I have assembled the sucker. Pumped the tires. I tried mounting the unicycle besides a wardrobe in my room barefooted. That was dumb. Had my first fall. Yea. That thing is squirrelly. It wants to shoot off in multiple directions from under me.
I have yet to order the wrist guard.
The tire range is 45 to 75 psi. Right now I have about 70 psi on the tires. Is that too high?
What is shoulder coverage? I think I will not ride bare chested :o. Will have t-shirt on.
Perhaps yes, you might feel more comfortable with lower pressure. Up to you to try. It might be less squirrelly with less pressure. (Or it might just be you)
Put some shoes on. (Perhaps sports shoes).
What you want to do is feel comfortable sitting on it holding a railing. Then go and do some rotations using the railing for support on one side.
When you’re on it, have a slight knee bend at the maximal part of the crank rotation…
I was wearing a dress without sleeves… it also didn’t cover my knees… bad choice. If you are wondering I’m a middle aged woman.
You’re a woman ? I re-read your post and try to visualize it in a womanly context. Wow, you are hardcore!! How heavy is your 36" unicycle?
That is what they do. Welcome to the most difficult but potentially the most rewarding skill you have ever attempted.
The most important factor in learning are persistence and having fun. Take a break if it stops being fun.
The riding style of a beginner is entirely different from an accomplished rider. Experienced riders usually advise how they ride which isn’t what a beginner needs. If you want to watch a video, view someone riding off road as it is much more like the way a beginner needs to ride.
Set the seat high as you dare while still being able to catch a fall to the side before falling too far to save yourself. This will probably be lower than ideal but helps alleviate your fear. Fear is a great inhibitor to learning.
Although the goal is to sit on the saddle you can’t do that until you can keep the wheel fairly precisely under you. Until then, the misaligned downwards force on the saddle will pop the uni out from under you, as you discovered. Put most of your weight on the pedals and grip the saddle between your thighs to keep it in place. (If the saddle is too low you won’t be able to grip it because you thighs move around too much.)
You MUST lean forwards to get moving before pedalling or the wheel moves, leaves you behind and you fall on your arse. This is what happens to most beginners on their first attempt. Then they stop trying and put the uni away forever.
Surprisingly, beginning unicycling isn’t much about balance. The basic principle involves falling forwards and driving the wheel under the fall. This is much like what we do when we walk. Think, put the wheel where you would put your leading foot if you were walking. This allows you to use some established neurological pathways.
With this in mind you must first learn rudimentary steering. Start out by holding onto something like a fence and get the feel for steering the wheel by twisting with the hips against your upper body inertia. This should only take a few minutes.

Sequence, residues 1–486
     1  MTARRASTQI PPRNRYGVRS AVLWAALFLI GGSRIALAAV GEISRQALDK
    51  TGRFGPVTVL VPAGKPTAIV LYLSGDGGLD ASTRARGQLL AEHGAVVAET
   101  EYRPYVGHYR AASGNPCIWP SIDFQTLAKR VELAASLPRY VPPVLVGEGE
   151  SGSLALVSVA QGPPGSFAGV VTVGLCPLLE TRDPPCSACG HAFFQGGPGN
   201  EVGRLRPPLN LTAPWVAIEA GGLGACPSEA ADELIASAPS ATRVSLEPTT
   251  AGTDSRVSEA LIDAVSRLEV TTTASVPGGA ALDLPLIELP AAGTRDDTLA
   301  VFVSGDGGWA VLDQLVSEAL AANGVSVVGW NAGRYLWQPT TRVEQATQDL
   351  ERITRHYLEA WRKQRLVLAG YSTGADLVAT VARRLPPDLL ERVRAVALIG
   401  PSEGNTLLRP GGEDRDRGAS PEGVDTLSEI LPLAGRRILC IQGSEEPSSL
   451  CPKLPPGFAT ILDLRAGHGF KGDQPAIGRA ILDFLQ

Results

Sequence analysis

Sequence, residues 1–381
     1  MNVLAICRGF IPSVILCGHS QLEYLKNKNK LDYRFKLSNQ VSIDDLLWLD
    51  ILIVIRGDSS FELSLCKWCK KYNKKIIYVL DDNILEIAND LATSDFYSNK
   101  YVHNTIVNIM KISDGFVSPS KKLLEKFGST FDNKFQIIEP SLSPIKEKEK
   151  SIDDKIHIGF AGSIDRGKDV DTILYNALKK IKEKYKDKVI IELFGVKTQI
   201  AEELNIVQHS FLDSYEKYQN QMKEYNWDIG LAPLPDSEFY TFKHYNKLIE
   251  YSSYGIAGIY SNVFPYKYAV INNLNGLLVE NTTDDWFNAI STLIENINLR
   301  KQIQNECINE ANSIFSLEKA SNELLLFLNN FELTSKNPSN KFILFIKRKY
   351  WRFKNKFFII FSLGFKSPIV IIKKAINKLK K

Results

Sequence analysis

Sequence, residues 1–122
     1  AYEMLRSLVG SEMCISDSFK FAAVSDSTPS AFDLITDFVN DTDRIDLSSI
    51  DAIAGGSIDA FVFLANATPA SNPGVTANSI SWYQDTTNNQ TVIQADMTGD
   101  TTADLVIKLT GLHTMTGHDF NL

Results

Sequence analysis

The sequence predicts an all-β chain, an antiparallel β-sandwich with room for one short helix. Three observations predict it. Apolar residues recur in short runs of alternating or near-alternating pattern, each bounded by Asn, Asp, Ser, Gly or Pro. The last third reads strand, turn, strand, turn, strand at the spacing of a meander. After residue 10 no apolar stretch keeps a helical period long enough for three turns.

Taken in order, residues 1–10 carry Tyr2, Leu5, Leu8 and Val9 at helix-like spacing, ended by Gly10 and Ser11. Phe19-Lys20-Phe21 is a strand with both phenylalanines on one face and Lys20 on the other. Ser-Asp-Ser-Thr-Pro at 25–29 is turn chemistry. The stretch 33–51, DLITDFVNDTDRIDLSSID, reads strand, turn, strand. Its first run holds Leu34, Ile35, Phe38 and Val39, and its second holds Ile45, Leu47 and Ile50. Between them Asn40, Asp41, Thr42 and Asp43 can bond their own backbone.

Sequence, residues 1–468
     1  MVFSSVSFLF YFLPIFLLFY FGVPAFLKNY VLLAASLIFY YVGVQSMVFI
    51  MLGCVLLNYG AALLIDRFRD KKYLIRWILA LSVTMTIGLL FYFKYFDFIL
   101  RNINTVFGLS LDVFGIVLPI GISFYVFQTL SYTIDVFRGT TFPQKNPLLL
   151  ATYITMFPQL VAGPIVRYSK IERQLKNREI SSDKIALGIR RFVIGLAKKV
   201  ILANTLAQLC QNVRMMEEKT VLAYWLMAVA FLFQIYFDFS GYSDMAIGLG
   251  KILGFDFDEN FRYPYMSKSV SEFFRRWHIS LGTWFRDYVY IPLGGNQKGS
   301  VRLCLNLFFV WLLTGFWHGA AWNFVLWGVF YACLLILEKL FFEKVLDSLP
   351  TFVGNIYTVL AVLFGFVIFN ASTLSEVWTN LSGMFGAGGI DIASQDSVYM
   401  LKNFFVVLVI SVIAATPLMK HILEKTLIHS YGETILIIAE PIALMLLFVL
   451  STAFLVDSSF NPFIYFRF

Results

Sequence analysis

Do not persist with a wall or fence beyond this skill. Supports prevent you steering into your fall because the wall gets in the way. Or conversely when falling away from the wall you will jump off because you feel insecure without the support. It also tends to make you put the wrong hand out as you fall towards the wall.
Like on a bicycle, as a beginner you cannot ride slowly. Hold onto something, lean a LOT more forwards than you expect then start pedalling to quickly get the wheel under you and the wheel up to speed.
Do not think of riding so much as a balance of forwards and backwards pressure on the pedals. You don’t yet have the reactions for balancing forces on the pedals. You need to concentrate on moving forwards.
The uni is much more stable when the frame leans slightly back. You must lean your upper body slightly forwards to keep your centre of gravity above the contact point of the wheel with the ground. Do not sit up too straight but do not hunch. A little forward lean goes a long way.
Try to adjust the position of your upper body above the wheel at your hips rather than your waist. Don’t hold the saddle as you need your arms to help with the balance. Try to keep your legs moving in line. It complicates balance if your knees are swinging out.
Get used to running out of an emergency dismount. Always step off before you lose control even if you have only travelled a few inches. Develop your falling skills as you go so you are not afraid to fall.
Ideally find a very smooth grassy area with a slight downhill slope. The grass will slow down the tendency for the wheel to fly away while the downhill slope will overcome the resistance to rotation and bias your motion in a forward direction. It is also a lot better to fall on.
Move to a smooth hard surface as soon as you can keep the wheel under you and are comfortable with running out of emergency dismounts. It will suddenly seem a lot easier. Then work towards sitting down. You will not believe the level of effort it takes, especially until you can sit down.
Thank you for the primer. That is a lot to digest. I will remember to lean forward and grip saddle with my thighs when I do my second attempt.
Probably the first daylight ride will be mount/dismount (step through thing) and practice walking away and letting uni/me fall forwards/backwards.